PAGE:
“After You’ve Gone”
Sharing the beer promised at the conclusion of episode six, Marty and Rust engage in a very awkward reunion at a nearby bar. The two play a subtle game of verbal cat-and-mouse, lobbying occasional jabs at one another, until getting down to brass tacks. Rust has returned from eight years in Alaska to finish the job, and he needs Marty’s help. Though Marty is extremely reluctant to rejoin him, Rust insists that they have a debt to pay in solving this crime (not to mention Marty’s killing of Ledoux that robbed them of potentially crucial evidence). Though still not completely committed, Marty accompanies Rust to his storage locker to continue the discussion…
Arriving at the storage locker, Marty straps himself with a gun—perhaps still suspicious of Papania and Gilbough’s suspicions that Rust is the killer. Upon walking inside, however, Marty quickly comes to understand the truth: that Rust is as committed and obsessed as ever in finding the true killer. Clues, leads, and all forms of evidence adorn every corner of the small shed—a literal manifestation of the locked room that is Rust’s mind.
While absorbing the unnerving display of evidence, Rust further updates Marty on his progress with the case. After following a trail of charges around the Tuttle Wellspring schools, he tracked down a former student/current transvestite—Johnny Joanie. During the interview, Joanie admits that the faculty would induce the children into a “ghost sleep”—where the students would think they would be asleep—but feel awake—and still be unable to move. He further explains that the men would have animal faces, so he felt it had to be a dream. Back in the shed, Rust explains how this cult responsible for the cirmes mixes traditions of courir de Mardi Gras, Santeria, and voudon in their strange rituals accosting women and children. Despite this barrage of evidence, Marty remains convinced…until Rust shows him the tape.
Rust obtained this videotape by robbing Tuttle’s Baton Rouge residence—putting to use his skills as a former B&E man—and also acquiring incriminating photos of a young girl whose eyes have been enshrouded by a cloth. Rust finally plays the videotape for Marty, where the cult leads a young girl into their ceremony. Marty screams and shouts in witnessing the off-screen crimes of pedophilia until Rust finally turns it off. When questioned whether he killed Billy Lee, Rust denies it—believing that it was other men who found out about the robbery and killed Billy Lee before he may be blackmailed. After witnessing the horrors, Marty tacitly agrees to reform their partnership to solve the case.
He then visits Maggie at her new palatial home, where pictures of an older Audrey and Macie are similarly found. He questions her about the Papania/Gilbough interview, and the status of his daughters, and to which she demurs mostly passive answers in reference to Rust. Nonetheless, sharp as ever, she also asks Marty if after all these years gone by, he has only come to say goodbye before finishing whatever it is he has agreed to help Rust finish. Later, Maggie visits Rust at the bar, though he remains similarly reluctant to promise that harm will not come to Marty when finishing the task at hand.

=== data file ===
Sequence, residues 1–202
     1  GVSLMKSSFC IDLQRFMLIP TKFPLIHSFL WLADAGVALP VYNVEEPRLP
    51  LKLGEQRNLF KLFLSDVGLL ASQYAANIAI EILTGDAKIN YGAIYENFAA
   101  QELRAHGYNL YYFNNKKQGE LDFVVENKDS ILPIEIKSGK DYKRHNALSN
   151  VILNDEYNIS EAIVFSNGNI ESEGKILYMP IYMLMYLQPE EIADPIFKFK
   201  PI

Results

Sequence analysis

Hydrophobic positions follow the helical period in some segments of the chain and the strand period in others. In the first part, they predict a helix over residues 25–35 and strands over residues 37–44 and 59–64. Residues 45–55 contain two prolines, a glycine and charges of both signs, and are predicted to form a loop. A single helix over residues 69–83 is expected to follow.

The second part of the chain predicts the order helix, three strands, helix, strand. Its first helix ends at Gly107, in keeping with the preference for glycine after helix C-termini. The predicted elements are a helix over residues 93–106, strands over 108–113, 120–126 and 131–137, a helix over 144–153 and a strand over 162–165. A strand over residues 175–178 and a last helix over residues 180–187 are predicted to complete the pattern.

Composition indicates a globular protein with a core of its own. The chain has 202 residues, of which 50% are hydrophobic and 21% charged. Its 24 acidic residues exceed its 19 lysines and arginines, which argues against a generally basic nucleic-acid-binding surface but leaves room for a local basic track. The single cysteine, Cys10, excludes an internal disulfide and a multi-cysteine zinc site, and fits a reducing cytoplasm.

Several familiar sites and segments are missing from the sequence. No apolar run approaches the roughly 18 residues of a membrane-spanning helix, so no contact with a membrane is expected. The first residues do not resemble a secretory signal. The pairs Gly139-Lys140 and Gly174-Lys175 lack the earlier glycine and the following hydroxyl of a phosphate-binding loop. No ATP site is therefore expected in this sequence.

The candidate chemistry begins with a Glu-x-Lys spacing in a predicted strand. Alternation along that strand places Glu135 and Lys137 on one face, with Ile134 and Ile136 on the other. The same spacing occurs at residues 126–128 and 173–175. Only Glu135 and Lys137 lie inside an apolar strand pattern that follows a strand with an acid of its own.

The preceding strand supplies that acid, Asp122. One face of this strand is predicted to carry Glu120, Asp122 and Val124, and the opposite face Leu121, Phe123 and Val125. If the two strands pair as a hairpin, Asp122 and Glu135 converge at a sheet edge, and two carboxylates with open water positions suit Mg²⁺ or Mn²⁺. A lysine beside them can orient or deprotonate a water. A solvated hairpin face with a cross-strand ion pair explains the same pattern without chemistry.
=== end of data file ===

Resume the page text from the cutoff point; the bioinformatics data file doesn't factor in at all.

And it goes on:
Marty and Rust set up headquarters at the former’s new P.I. offices, where Rust semi-insultingly asks if they need to worry about a lot of people coming in and out, to which Marty hilariously responds: “What do you think, Rust?”. After redecorating the office with much of the evidence found in Rust’s storage unit, the two then bond over their time in the intervening years. A moving montage plays out depicting Marty’s now very lonely life—a failed Match.com relationship, dinners and movies alone—a life much more quiet and removed for the formerly social and motivated family man who instilled so much of his identity vis-a-vis his career. Rust describes a similarly quiet and removed lifestyle—his days filled with tending bar, drinking, and working in isolation. The two share a moment of bonding in equally regretting their career choices: Marty having wanted to be a baseball player or bull rider; Rust, a painter or historian.
The next day, Marty investigates the old police department to retrieve missing persons reports from their archives under the guise of writing a book.* The two are able to track down a Jimmy Ledoux—distant relative to Reggie—at his automotive repair shop. He confesses to know very little of that side of the family which his father described as “too white for white trash”, except confessing that they always shot him with disturbing looks. The reunited detectives are also able to track down a former Tuttle housekeeper—Miss Dolores. She reveals that Sam Tuttle had a number of illegitimate children, and after some prodding from Rust, believes that the scarred man was actually a Tuttle with the surname Childress. She’s then seized by a hypnotizing spell of sorts at the memory, as her voice and speech transforms at the mention of Carcosa.